Pluralistic counselling versus counselling as usual for young people presenting with addiction issues: a pilot randomised controlled trial

Patricia Joyce*, Mick Cooper, John McLeod, Joel Vos

*Corresponding author for this work

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Aim: The purpose of this study was to pilot a randomised controlled trial that aimed to test the hypothesis that counselling utilising a pluralistic framework was more effective than counselling as usual for young people experiencing issues as a result of their addiction. Method: Sixty‐four clients presenting with issues of addiction were allocated to either a counselling‐as‐usual (n = 33) or a pluralistic (n = 31) intervention. Psychometric measures (YP‐CORE and SDQ) were taken at baseline, endpoint and 3‐month follow‐up to compare changes in levels of psychological distress. Results: The use of a randomised controlled trial in practice‐based research was found to be feasible to both clients and the organisation in which the study took place. Recruitment and retention rates were acceptable. No statistically significant differences between groups were found on the primary and secondary measures. Discussion: The findings highlight the feasibility and acceptability of conducting such research within this unique context. The findings give preliminary evidence of the effectiveness of both counselling interventions. The absence of significant differences on our primary outcome between the two arms in this trial is not unexpected given its lack of power. Further research should continue to develop protocols to further maximise client retention and counsellor adherence.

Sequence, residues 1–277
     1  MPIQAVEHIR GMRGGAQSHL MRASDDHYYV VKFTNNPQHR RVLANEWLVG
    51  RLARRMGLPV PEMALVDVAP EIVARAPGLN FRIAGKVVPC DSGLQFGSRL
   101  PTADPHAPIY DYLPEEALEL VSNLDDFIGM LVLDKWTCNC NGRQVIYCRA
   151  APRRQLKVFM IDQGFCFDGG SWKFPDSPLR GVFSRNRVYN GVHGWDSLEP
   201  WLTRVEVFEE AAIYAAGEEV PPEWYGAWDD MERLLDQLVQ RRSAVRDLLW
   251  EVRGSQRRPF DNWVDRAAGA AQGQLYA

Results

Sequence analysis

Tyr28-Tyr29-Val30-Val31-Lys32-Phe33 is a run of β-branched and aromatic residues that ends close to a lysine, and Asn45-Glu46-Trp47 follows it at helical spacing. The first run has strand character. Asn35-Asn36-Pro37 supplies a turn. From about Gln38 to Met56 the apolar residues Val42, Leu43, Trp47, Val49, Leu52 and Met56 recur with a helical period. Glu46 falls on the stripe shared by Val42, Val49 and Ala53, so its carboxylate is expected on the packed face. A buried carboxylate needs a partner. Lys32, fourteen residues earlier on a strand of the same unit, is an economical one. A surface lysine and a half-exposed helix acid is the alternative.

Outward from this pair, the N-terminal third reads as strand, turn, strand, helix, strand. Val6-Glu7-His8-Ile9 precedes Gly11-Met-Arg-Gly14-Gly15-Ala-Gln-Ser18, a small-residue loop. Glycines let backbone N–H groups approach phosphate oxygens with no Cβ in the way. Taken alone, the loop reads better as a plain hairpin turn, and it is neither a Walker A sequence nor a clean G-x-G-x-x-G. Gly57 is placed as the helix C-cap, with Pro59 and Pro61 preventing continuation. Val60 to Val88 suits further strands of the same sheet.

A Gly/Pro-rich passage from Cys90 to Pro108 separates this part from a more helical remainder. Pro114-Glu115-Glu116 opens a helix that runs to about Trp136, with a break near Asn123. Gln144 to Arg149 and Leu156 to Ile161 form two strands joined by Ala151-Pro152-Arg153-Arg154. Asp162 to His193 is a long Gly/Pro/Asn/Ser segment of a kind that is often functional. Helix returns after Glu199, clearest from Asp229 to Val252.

Original languageEnglish
Number of pages10
JournalCounselling and Psychotherapy Research
Early online date16 Jan 2022
Publication statusE-pub ahead of print - 16 Jan 2022


  • Addiction
  • Counselling
  • Outcomes
  • Pilot RCT
  • Young people

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